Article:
Each year on Veterans Day, I call my grandfather in North Dakota to say thank you and see how he’s doing.
He served at the end of World War II on a Navy ship bringing supplies to Japan. Last summer, I had the opportunity to sit down and talk with him and get detailed information about his service; how he got from rural North Dakota to Great Lakes Naval Station in Green Bay, to Camp Endicott in Rhode Island, and then a one week train ride all the way to San Diego during which “the troops ate wieners and sauerkraut three times a day."
Finally, he spoke of his time in Okinawa, Saipan, and Tokyo Bay and talked about things he never had before…because no one had ever asked.
How many people are there in our lives that we count as loved ones, yet we know very little of their life or experiences?
I think it happens quite often with our own parents and grandparents. As children we see them in the role of mom and dad, when we believe their sole purpose in life is to fulfill our needs and wants. However, as we become adults, it is our responsibility to make the shift and begin seeing them as the unique individuals that they are; humans with their own souls, dreams, emotions, and experiences to share. Without this conscious shift, it is quite possible to have lived our entire lives without having truly known the people we consider dearest to us.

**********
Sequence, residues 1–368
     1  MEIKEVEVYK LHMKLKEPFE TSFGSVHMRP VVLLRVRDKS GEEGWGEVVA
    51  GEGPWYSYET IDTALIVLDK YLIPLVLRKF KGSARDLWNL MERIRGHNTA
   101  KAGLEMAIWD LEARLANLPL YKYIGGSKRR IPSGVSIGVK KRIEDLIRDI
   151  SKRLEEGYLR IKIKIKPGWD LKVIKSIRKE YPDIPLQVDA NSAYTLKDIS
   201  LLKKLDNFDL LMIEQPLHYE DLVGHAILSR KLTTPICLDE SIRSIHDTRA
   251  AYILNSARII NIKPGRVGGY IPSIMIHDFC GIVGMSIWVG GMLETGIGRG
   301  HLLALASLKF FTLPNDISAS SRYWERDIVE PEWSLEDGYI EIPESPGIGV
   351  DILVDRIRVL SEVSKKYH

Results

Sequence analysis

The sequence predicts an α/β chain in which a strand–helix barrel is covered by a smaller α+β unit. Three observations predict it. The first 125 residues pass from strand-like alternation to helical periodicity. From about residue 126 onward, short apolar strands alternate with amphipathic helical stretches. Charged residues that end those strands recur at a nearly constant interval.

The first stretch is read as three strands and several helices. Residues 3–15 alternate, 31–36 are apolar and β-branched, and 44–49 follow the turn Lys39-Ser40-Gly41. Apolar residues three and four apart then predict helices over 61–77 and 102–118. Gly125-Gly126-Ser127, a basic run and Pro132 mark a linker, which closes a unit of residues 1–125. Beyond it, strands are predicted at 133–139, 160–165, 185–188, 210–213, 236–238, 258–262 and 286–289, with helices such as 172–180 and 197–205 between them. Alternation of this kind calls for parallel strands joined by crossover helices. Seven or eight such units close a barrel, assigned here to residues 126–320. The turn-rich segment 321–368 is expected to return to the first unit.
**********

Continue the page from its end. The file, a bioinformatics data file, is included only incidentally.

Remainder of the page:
If asked to answer these questions about your parents or grandparents, could you? As a child, who did they dream of becoming? Did they struggle with schoolwork? What did they base their career decisions on? How many times have they been in love? What do they feel they have left to do in this life, and where do they think they are going afterward?
I'm confident I could answer these questions about many of my longtime friends, but perhaps not my own father. By taking an interest in learning more than just the childhood stories that they’ve always shared, we might be surprised at what we learn about our loved ones and ourselves in the process.